Reading books are graded by difficulty by reading levels ... • Encouraging them to read some...

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Transcript of Reading books are graded by difficulty by reading levels ... • Encouraging them to read some...

  • What do Book Band levels mean? Reading books are graded by difficulty by reading levels known as Book Bands. Each Book Band has its own colour. The chart below gives an indication of the range of Book Band levels at which most children will be reading as they progress through primary school.

    The chart shows the progress of an ‘average’ band of children- but no individual child is ‘average’, so no child makes smooth progress precisely in this way. Children tend to learn in fits and starts – periods of growth followed by periods of consolidation when their progress seems to halt for a while. The periods where you don’t see rapid progress may be worrying, especially after a ‘growth spurt’, but they are important as your child develops confidence in using and applying their newly acquired skills.

    If you are ever worried about your child’s progress, talk to their teacher.

    Book Band Colour Reception Year 1 Year 2 Year 3 Year 4 Year 5 Year 6

    Lilac

    Pink

    Red

    Yellow

    Blue

    Green

    Orange

    Turquoise

    Purple

    Gold

    White

    Lime

    Brown

    Grey

    Blue (KS2)

    Red (KS2)

    Lilac level 2

    Pink level 2

    Red level 3

    Yellow level 3

    Blue level 4

    Green level 5

    Orange level 5

    Turquoise level 6

    Purple level 7

    Gold level 7

    White level 8

    Lime level 9

    Brown level 9

    Grey level 10

    Blue level 10

    Red level 11

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    Lilac level Lilac level books are wordless books that tell a story through pictures alone. They help children to develop speaking and listening skills through creating and telling stories.

    How to support your child reading Lilac level books Your child is just beginning to discover the excitement of books. Although these books have no words, they are an important introduction to reading. Please encourage your child to:

    • Look at the pages in order, and talk about what is happening on the left hand page before the right hand page.

    • Talk about what is happening on each page, rather than just talking about what they see in each picture.

    • Tell you who or what the book is about.

    Pink level Pink level is the very first level of reading books which has words. The number of words increases slightly as your child progresses through the reading level. If your child has read the Bug Club Lilac books, he or she will be delighted to find that Pink level books follow many of the same characters. This means that children are motivated to read the book because they are already familiar with the characters and interested in their adventures.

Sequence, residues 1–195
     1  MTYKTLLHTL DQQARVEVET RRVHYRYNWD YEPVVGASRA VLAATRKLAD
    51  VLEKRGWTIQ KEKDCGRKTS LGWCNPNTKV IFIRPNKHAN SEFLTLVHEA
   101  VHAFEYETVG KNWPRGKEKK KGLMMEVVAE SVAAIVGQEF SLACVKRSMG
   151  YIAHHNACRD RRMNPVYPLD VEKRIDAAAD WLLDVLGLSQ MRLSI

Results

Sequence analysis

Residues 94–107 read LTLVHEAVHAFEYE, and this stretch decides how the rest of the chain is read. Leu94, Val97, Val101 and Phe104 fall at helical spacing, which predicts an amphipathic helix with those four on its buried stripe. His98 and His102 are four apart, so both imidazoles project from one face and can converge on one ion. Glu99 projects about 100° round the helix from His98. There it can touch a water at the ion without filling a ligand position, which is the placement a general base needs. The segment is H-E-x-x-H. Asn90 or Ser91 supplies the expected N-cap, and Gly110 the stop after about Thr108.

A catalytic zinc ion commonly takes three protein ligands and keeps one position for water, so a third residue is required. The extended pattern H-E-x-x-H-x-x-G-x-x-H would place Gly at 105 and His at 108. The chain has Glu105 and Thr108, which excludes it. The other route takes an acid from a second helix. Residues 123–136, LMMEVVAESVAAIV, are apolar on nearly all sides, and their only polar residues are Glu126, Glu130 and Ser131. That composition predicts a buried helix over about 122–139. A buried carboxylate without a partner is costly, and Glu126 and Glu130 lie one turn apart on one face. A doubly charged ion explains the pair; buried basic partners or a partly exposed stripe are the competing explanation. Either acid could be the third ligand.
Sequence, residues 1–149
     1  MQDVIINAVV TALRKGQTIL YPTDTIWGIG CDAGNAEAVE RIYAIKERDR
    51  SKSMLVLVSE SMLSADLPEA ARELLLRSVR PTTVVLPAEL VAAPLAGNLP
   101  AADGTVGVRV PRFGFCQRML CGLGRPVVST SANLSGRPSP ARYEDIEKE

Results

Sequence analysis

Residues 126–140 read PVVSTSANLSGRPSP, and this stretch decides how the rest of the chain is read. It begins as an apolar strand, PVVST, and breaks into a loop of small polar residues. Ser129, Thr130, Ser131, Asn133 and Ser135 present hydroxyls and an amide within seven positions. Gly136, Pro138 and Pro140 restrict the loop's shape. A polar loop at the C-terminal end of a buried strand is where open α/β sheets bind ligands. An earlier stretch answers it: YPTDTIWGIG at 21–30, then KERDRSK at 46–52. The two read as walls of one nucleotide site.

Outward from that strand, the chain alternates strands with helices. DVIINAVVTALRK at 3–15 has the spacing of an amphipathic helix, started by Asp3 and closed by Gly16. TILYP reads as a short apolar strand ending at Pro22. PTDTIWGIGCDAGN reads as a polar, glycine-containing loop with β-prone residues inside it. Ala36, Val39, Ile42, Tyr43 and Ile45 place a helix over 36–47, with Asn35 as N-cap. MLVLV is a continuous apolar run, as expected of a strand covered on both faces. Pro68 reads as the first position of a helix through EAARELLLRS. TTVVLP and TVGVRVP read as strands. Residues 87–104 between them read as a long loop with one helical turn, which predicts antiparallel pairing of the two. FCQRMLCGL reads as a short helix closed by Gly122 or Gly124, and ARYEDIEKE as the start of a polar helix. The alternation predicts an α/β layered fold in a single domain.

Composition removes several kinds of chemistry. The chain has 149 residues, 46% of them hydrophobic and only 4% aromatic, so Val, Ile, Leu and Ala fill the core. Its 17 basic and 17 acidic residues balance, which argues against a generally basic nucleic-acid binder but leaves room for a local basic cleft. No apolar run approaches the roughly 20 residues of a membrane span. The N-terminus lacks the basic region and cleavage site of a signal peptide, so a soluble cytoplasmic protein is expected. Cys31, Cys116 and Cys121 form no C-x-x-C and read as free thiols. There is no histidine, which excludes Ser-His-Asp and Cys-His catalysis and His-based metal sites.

How to support your child reading Pink level books Your child is beginning to learn to read. As they read, please help them to:

    • Read the words carefully. Ask your child to sound out and blend only the words they can’t read yet, not every word. Eventually almost all words will become part of your child’s ‘sight memory’, and they won’t have to sound out at all.

    • On second and third readings of the book, encourage them to read with more pace and with less focus on sounding out the letters in each word.

    • Make a story out of a whole book, rather than focusing just on what is happening on each page.

    • Tell you about something that happened in the book, or about something they found out in the book.

    Red level All levels in Bug Club consolidate learning from previous levels. Red level books have a slightly increased number of words, an increase from eight to twelve pages and slightly more complex story lines.

    The growing complexity in the story lines is reinforced through the development of inference and prediction using visual literacy. All of the books introduce new sets of characters which are revisited throughout the level. Characters at this level include Angelina Ballerina, the irrepressible Rat and Cat as well as the eco- friendly Eco Apes.

    How to support your child reading Red level books: Your child is beginning to learn how to read. As they read, please help them to:

    • Read the words carefully. Most of the words can be recognised or sounded out. Ask your child to sound out and blend only the words they can’t read yet, not every word. Eventually almost all words will become part of your child’s ‘sight memory’, and they won’t have to sound out at all.

    • On second and third readings of the book, encourage them to read with more pace and with less focus on sounding out the letters in each word.

    • Make a story out of a whole book, rather than focusing just on what is happening on each page.